I had a chance to sit down with one of Lead’s developers and Ryerson’s Microsoft Student Partner (MSP), Kowsheek Mahmood (@aredkid) to find out how he and his team built Lead using Windows Azure.
Jonathan: Kowsheek, when you and the team were designing Lead, what was the rationale behind your decision to develop for the Cloud, and more specifically, to use Windows Azure?
Kowsheek: Being a start-up company with constrained funding, it was not feasible for us to have multiple dedicated servers for Lead. Furthermore, since we wanted Lead to provide a consistent experience across geographical locations, a distributed solution was the right fit. At Fersh we use Microsoft technologies to develop our applications which range from games to mobile and web applications. We chose Windows Azure because we could use our existing knowledge of the technologies involved and leverage them well. Also, Windows Azure provided for high availability and a flexible utility-style service, that fulfilled our requirements and was affordable.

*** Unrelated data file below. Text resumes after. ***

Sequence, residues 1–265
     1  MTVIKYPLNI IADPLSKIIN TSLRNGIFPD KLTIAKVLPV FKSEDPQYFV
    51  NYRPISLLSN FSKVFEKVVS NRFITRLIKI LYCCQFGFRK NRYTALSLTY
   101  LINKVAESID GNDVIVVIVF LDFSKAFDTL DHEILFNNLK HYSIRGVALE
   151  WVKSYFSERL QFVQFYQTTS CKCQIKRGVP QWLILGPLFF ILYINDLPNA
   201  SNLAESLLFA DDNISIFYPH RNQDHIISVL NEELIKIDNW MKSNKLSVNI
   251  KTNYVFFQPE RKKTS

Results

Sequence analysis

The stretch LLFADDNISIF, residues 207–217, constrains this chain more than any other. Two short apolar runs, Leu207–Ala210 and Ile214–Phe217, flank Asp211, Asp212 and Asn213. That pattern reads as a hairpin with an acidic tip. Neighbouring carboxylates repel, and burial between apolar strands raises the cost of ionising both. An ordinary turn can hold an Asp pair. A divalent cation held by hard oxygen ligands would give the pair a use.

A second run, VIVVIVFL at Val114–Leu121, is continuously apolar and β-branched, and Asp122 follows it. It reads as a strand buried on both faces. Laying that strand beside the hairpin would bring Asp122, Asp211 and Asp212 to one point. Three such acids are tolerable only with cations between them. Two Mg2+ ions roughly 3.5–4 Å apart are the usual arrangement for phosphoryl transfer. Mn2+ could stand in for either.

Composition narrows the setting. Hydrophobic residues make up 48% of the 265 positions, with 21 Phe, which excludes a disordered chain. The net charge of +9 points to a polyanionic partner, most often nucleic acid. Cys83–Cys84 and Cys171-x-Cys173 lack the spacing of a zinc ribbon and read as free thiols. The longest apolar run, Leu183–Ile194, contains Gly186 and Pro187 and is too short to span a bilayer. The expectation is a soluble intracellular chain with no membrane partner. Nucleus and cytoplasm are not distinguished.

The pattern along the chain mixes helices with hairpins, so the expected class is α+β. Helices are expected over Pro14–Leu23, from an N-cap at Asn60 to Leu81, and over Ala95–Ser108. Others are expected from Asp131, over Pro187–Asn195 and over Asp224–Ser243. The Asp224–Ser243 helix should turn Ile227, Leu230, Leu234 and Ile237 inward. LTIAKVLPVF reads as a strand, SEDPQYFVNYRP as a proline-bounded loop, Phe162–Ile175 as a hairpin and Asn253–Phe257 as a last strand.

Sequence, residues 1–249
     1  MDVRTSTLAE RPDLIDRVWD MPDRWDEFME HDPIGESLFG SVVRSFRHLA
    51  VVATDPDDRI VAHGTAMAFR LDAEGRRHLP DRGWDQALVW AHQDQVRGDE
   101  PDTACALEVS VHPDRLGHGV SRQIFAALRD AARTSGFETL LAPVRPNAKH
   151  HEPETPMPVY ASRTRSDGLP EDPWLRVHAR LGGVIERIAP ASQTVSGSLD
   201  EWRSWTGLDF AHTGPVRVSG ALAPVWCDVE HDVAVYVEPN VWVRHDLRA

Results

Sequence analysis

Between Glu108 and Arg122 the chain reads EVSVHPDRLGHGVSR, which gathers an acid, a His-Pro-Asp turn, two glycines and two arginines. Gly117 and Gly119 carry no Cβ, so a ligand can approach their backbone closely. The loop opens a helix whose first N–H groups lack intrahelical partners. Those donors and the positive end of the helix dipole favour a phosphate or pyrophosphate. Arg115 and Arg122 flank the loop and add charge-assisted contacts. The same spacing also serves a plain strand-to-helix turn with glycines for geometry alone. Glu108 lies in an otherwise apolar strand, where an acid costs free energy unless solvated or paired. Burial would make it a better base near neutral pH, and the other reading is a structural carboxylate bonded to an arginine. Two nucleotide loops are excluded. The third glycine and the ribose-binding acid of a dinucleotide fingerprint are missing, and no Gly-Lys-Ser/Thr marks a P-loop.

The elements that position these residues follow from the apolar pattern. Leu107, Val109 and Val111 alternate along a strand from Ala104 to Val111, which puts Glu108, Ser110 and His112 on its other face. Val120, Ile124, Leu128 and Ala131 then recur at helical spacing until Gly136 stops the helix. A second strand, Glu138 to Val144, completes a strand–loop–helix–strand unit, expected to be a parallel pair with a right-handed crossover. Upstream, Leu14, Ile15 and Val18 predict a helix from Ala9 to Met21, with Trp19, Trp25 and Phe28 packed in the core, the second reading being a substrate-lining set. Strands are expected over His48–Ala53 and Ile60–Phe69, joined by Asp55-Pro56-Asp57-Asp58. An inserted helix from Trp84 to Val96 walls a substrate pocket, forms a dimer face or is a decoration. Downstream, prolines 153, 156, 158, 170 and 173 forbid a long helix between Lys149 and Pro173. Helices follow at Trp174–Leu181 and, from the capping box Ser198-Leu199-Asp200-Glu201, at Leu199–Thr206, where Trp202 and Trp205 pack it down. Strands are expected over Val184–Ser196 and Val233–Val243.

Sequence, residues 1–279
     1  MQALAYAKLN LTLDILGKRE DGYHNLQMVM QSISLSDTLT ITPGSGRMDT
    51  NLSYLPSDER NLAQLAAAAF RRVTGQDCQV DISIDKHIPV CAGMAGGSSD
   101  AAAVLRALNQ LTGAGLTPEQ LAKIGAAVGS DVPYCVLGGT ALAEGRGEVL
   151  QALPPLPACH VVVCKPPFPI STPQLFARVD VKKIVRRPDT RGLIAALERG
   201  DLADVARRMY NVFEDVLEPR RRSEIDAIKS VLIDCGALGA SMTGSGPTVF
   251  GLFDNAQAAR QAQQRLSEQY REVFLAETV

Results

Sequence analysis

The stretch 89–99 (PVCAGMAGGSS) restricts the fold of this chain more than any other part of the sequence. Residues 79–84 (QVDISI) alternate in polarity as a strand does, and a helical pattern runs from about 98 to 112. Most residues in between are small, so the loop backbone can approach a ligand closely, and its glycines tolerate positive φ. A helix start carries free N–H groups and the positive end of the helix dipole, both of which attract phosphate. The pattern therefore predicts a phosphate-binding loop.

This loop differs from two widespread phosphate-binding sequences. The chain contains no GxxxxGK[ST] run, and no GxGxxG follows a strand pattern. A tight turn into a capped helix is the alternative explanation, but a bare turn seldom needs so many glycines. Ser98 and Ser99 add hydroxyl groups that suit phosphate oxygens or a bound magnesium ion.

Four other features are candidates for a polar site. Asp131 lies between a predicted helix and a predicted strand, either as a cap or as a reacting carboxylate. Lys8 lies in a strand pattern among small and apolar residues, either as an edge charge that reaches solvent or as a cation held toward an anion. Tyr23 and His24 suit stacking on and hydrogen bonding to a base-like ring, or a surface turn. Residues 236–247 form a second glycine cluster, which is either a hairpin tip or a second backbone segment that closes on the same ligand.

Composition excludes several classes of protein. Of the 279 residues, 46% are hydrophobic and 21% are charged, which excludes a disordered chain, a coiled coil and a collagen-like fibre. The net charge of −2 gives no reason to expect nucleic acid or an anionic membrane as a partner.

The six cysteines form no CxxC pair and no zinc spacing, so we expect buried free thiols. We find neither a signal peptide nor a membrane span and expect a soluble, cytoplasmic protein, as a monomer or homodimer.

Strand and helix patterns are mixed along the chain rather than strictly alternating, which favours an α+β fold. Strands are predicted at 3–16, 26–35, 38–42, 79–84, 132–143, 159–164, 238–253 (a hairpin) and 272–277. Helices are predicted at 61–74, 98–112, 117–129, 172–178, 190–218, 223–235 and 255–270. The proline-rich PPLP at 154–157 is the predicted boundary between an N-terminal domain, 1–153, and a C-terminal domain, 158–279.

Jonathan: What Windows Azure services are you using? How are you using them?
Kowsheek: We are using Windows Azure Compute Web Role instances to host the frontend site, as well as our simple but really powerful API with developers will integrate in their games. SQL Azure hosts our databases in which we store the leaderboard data for each game using the API. We are also using Blob Storage and the Content Delivery Network (CDN) for static content, distributed to different geographic regions.
Jonathan: During development, did you run into anything that was not obvious and required you to do some research? What were your findings? Hopefully, other developers will be able to use your findings to solve similar issues.
Kowsheek: While working with the ASP.NET Membership service, initially it wasn't clear how the database on SQL Azure would have to be built. A quick Bing search showed that there is a tool similar to the regular tool called "aspnet_regsqlazure" that builds the database. You can find out more in this support article. Once we downloaded the proper files and ran them against the database, all was well.
Jonathan: Lastly, what were some of the lessons you and your team learned as part of ramping up to use Windows Azure or actually developing for Windows Azure?
Kowsheek: Initially, dedicated servers seemed feasible but after taking into consideration things like scalability and reliability, the hosting solutions seemed to fall short, so it always serves well to consider all the requirements and available options from the get-go.